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Poster: bluedevil Date: Jun 1, 2010 2:14pm
Forum: GratefulDead Subject: Re: Lazy Journalism. Corrected Bhopal disaster numbers

How was he wrong? Or how wrong is this phrase:
"In the end, Americans get the government they deserve."

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Poster: micah6vs8 Date: Jun 1, 2010 3:23pm
Forum: GratefulDead Subject: Re: Lazy Journalism. Corrected Bhopal disaster numbers

Granted , he was a prolific and complicated man . I particularly dislike that quote and the mind set behind the words . Things that raise an eyebrow - His belief in a ' natural aristocracy ' . His love of Nietzsche , including writing the forward to his book , The Anti - Christ . He wrote this little douzy there , " Here the intellectual cynicism of the Jew almost counter - balances his social unpleasantness . " His disdain for the masses who were not part of the ' natural aristocracy " , of which that quote you quoted is a prime example . ( I'm a quote , your a quote , wouldn't ya like to be a quote , too )

This post was modified by micah6vs8 on 2010-06-01 22:23:21

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Poster: bluedevil Date: Jun 1, 2010 3:31pm
Forum: GratefulDead Subject: Re: Lazy Journalism. Corrected Bhopal disaster numbers

No doubt he was a raging anti-semite.

On totally different tangent, David Brooks had intersting op-ed in NY Times re how this is not Obama's Katrina, and I thought his analysis was pretty right on:

--------------------------------------------------------------------------------

May 31, 2010
The Oil Plume
By DAVID BROOKS
The failure of the top-kill technique in the Gulf of Mexico represents an interesting turning point on the Obama presidency. It symbolizes the end of the period of lightning advance and the beginning of the period of nasty stasis.

President Obama swept into office having aroused the messianic hopes of his supporters. For the past 16 months he has been on nearly permanent offense, instigating action with the stimulus bill, Afghan policy, health care reform and the nearly complete financial reform. Whether you approve or not, this has been an era of bold movement.

But now the troops are exhausted, the country is anxious, the money is spent and the Democratic majorities are teetering. The remaining pieces of legislation, on immigration and energy, are going nowhere. (The decision to do health care before energy is now looking extremely unfortunate.)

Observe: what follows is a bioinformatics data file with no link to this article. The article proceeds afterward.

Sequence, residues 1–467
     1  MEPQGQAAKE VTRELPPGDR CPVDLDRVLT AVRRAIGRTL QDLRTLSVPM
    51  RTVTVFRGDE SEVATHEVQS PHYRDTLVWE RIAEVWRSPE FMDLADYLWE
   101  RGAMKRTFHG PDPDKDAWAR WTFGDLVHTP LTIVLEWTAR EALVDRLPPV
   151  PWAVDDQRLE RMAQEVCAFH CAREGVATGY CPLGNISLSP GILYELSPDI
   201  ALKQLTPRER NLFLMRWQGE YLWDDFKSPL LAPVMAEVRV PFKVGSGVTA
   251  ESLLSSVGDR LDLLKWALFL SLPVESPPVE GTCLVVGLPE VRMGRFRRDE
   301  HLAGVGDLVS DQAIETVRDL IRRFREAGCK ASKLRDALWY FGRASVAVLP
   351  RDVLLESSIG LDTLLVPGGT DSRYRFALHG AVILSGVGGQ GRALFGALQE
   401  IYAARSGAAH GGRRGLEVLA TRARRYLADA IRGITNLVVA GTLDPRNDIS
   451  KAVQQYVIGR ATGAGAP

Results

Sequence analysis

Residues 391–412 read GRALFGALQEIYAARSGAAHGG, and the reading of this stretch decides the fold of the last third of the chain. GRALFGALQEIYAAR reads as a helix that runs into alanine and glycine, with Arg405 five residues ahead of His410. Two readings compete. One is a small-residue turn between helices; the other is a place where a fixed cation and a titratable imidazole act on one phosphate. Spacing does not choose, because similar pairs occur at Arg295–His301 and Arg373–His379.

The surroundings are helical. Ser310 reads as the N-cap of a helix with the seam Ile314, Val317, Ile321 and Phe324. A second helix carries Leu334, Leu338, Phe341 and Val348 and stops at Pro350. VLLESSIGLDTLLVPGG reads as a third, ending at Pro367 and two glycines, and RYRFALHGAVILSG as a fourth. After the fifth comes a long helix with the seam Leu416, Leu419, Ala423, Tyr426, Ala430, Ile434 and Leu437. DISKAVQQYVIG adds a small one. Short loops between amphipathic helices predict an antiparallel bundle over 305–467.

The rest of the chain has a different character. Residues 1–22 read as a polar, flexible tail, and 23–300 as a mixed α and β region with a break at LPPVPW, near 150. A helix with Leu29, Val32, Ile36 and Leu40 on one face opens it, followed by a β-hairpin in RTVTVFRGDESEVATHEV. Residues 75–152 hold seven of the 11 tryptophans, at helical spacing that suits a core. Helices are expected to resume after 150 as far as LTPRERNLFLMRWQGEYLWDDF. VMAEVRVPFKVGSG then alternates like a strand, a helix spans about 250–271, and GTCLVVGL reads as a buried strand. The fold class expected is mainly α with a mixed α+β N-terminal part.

Meanwhile, the biggest problems are intractable. There’s no sign we will be successful in preventing a nuclear Iran. Especially after Monday’s events, there’s no chance of creating a breakthrough in the Arab-Israeli dispute. Unemployment will not be coming down soon. The long-term fiscal crisis won’t be addressed soon either.

In other words, if the theme of the past 16 months was large change, the theme of the next period will be gridlock and government’s apparent impotence in the face of growing problems.

And, at this particular moment, we are confronted by the picture of an uncontrolled gusher of oil spewing destruction into the gulf. This image could be with us for another few months, searing into the national consciousness and becoming the defining image of 2010.

Everybody is comparing the oil spill to Hurricane Katrina, but the real parallel could be the Iranian hostage crisis. In the late 1970s, the hostage crisis became a symbol of America’s inability to take decisive action in the face of pervasive problems. In the same way, the uncontrolled oil plume could become the objective correlative of the country’s inability to govern itself.

The plume taps into a series of deep anxieties. First, it taps into the anxiety that the people running our major institutions are just not that competent. Second, it feeds into the anxiety that there has been an unhappy marriage between corporations and government officials, which has had the effect of corrupting both. Most important, the plume exposes the country’s core confusion about the role of government.

When this country was born, the founders laid down strict roles for the federal government and the president. But over the years, the roles of government and the presidency have expanded.

As a matter of conviction, the country is deeply uncomfortable with these expansions. Operationally, on the other hand, the country has become accustomed to the new programs and to the new presidential role.

In times of crisis, you get a public reaction that is incoherence on stilts. On the one hand, most people know that the government is not in the oil business. They don’t want it in the oil business. They know there is nothing a man in Washington can do to plug a hole a mile down in the gulf.